U.S. men's national soccer team coach Bruce Arena, left, talks to captain Michael Bradley during a practice session Wednesday, Jan. 11, 2017, in Carson, Calif. Coach Arena opens camp with the team in the same training complex where he spent the past eight years running the LA Galaxy. Arena returned to the U.S. team in November to salvage its run for World Cup qualification. (AP Photo/Jae C. Hong)
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It’s six days to Sunday, the first time we’ll see Bruce Arena manage the United States men’s national team since his rehiring late last year.

The Yanks host Serbia in San Diego before moving to Chattanooga for a match against Jamaica. Both matches should be open-and-shut wins, as the Americans’ MLS-only lineup get “B-teams” from Serbia and Jamaica.

[ MORE: Serbia, Jamaica rosters ]

Possible starting center back Matt Hedges and his FC Dallas teammate, Kellyn Acosta, will miss through injury, while Arena sent Kekuta Manneh to Wales for Vancouver Whitecaps camp.

That leaves 28 names — full roster at bottom — and the level of competition means Arena can take risks, like his choice to try Graham Zusi at right back.

Arena used several different formations with the Galaxy last season, opting for anything from a 4-4-2 to a 4-3-3 to a 4-4-1-1.

Here are some options against Serbia.

4-2-2-2

Arena could steady the middle of the pitch while using a pair of attack-minded veteran midfielders with points to prove.

Robles

Rosenberry — Birnbaum — Zimmerman — Beasley

Bradley — McCarty

Feilhaber —————————Kljestan

Morris — Altidore


4-4-2 (diamond) — Veteran heavy

Arena likes his veterans, and may want to give them the benefit of the doubt in front of fans and the eyes of U.S. Soccer.

Rimando

Zusi — Marshall — Evans — Beasley

Bedoya — Bradley — Jones — Kljestan

Altidore — Zardes


4-3-3

Bingham

Rosenberry — Birnbaum — Zimmerman — Garza

Bradley

Nagbe — Bedoya

Zardes — Altidore — Morris


Full roster

Goalkeepers: David Bingham (San Jose Earthquakes), Nick Rimando (Real Salt Lake), Luis Robles (New York Red Bulls), Brian Rowe (LA Galaxy)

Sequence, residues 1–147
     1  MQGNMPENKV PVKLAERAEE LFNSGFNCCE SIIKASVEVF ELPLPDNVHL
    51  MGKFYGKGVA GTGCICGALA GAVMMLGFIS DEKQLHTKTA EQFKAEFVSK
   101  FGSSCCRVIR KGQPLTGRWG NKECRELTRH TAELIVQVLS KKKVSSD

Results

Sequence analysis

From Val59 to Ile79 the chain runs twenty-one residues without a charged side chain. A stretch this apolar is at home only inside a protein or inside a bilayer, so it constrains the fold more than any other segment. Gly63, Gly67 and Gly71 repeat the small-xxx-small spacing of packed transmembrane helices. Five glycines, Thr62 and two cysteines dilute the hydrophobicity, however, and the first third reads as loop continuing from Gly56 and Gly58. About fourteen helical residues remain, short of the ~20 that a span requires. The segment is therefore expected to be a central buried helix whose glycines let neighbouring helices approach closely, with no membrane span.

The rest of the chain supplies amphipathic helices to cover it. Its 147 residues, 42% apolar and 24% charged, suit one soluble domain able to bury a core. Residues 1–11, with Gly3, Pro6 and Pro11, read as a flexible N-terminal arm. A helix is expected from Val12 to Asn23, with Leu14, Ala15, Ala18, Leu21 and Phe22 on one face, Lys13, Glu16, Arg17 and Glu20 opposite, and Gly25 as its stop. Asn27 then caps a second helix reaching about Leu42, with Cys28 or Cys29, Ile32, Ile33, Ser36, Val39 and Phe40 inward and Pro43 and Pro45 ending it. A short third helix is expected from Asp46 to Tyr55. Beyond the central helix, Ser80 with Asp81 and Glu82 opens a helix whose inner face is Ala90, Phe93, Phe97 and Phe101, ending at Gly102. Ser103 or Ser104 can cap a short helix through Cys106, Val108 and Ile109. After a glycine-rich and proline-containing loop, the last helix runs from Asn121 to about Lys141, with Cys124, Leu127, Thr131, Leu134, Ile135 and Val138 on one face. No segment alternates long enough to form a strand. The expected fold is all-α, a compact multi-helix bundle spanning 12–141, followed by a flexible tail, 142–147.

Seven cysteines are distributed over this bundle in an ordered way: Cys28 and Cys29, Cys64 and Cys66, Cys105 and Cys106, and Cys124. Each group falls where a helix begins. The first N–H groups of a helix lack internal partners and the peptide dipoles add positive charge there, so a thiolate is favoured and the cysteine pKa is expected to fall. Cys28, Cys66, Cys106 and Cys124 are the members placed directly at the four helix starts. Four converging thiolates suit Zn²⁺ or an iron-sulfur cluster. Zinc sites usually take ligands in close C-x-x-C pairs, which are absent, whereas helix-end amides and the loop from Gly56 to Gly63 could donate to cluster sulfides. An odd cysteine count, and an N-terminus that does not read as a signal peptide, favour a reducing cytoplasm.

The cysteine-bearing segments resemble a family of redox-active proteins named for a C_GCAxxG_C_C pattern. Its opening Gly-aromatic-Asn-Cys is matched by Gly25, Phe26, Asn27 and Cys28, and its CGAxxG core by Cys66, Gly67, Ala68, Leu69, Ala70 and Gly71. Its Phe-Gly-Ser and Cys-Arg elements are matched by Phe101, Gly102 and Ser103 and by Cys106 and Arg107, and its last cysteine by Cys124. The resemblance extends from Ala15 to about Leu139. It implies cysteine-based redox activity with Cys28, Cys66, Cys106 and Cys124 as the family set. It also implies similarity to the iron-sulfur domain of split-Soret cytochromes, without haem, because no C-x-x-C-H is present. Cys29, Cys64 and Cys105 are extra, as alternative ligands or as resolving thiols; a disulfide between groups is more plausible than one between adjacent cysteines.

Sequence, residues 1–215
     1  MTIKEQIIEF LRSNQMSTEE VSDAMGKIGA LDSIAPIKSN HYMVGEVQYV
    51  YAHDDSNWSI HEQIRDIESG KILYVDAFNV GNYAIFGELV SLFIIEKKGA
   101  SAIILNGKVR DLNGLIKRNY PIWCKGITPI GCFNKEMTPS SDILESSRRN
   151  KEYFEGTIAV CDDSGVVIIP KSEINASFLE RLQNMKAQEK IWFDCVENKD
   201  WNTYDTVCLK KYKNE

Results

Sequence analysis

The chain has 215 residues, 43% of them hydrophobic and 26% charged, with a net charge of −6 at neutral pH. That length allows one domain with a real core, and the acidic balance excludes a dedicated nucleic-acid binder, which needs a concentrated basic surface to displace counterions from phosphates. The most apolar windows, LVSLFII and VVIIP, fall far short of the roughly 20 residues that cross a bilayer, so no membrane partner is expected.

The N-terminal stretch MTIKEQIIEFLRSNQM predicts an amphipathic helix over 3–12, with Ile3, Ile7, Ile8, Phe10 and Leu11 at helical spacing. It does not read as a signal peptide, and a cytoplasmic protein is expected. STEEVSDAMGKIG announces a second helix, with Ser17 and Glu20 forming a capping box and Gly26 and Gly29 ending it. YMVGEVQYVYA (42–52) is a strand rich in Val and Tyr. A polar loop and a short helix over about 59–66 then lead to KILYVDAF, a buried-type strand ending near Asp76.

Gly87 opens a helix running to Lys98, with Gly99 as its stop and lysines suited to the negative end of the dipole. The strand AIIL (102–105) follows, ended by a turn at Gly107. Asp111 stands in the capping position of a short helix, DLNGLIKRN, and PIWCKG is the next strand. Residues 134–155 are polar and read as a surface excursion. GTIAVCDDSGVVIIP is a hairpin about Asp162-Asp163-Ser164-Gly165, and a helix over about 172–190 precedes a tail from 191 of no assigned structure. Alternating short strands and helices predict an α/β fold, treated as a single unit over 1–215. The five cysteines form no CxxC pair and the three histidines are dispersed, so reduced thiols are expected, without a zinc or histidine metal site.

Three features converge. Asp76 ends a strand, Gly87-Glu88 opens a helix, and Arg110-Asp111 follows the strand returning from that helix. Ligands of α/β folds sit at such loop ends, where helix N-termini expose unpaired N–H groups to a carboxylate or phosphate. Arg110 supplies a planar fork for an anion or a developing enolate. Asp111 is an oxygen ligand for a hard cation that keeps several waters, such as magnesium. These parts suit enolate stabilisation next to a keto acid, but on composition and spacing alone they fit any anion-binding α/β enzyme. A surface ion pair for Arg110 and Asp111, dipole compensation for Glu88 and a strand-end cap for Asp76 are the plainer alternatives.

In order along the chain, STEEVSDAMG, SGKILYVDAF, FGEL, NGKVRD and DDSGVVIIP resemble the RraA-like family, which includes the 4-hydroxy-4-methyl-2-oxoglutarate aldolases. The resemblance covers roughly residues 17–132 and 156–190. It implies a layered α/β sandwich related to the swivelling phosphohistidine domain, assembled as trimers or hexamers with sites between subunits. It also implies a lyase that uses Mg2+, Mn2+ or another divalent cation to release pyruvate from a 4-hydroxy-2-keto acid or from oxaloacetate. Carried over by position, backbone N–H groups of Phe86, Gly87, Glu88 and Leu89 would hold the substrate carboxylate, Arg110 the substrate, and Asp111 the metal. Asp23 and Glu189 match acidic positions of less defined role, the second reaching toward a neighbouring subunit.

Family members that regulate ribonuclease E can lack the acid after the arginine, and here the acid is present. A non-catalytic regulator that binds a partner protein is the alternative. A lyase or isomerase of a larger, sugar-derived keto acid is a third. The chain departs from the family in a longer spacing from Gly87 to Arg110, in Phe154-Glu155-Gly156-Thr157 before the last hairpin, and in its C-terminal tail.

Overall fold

Defenders: DaMarcus Beasley (Unattached), Steve Birnbaum (D.C. United), Brad Evans (Seattle Sounders FC), Greg Garza (Atlanta United FC), Taylor Kemp (D.C. United), Chad Marshall (Seattle Sounders FC), Keegan Rosenberry (Philadelphia Union), Walker Zimmerman (FC Dallas), Graham Zusi (Sporting Kansas City)

Midfielders: Alejandro Bedoya (Philadelphia Union), Michael Bradley (Toronto FC), Benny Feilhaber (Sporting Kansas City), Jermaine Jones (Unattached), Sacha Kljestan (New York Red Bulls), Sebastian Lletget (LA Galaxy), Dax McCarty (New York Red Bulls), Darlington Nagbe (Portland Timbers), Chris Pontius (Philadelphia Union), Wil Trapp (Columbus Crew SC)

Forwards: Juan Agudelo (New England Revolution), Jozy Altidore (Toronto FC), Jordan Morris (Seattle Sounders FC), Chris Wondolowski (San Jose Earthquakes), Gyasi Zardes (LA Galaxy)

Reports: Krul, Lopez could replace Begovic at Chelsea

MANCHESTER, ENGLAND - AUGUST 22: Tim Krul of Newcastle United in aciton during the Barclays Premier League match between Manchester United and Newcastle United at Old Trafford on August 22, 2015 in Manchester, England.  (Photo by Julian Finney/Getty Images)
Photo by Julian Finney/Getty Images
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It may seem unimportant at first blush, but Chelsea’s backup goalkeeper situation may be in a state of flux right now.

That means the Blues’ very strong title hopes are only a Thibaut Courtois injury away from making it matter a whole bunch more.

Eddie Howe wants Chelsea No. 2 Asmir Begovic to head down south to join Bournemouth,  and the keeper seems interested in a move.

[ MORE: Big changes for CONCACAF Champions League ]

Chelsea’s current No. 3 is Portuguese national teamer Eduardo. The Blues could wait to sell Begovic until summer, but The Express thinks the move is on.

AC Milan backup backstop Diego Lopez is in the frame for Chelsea, according to that report, but a more intriguing name is Newcastle ‘keep Tim Krul. The Dutchman is on loan with Ajax.

Either would be a fitting replacement for Begovic. Will Conte allow the change in the middle of a relatively-stable (Diego Costa aside) title run?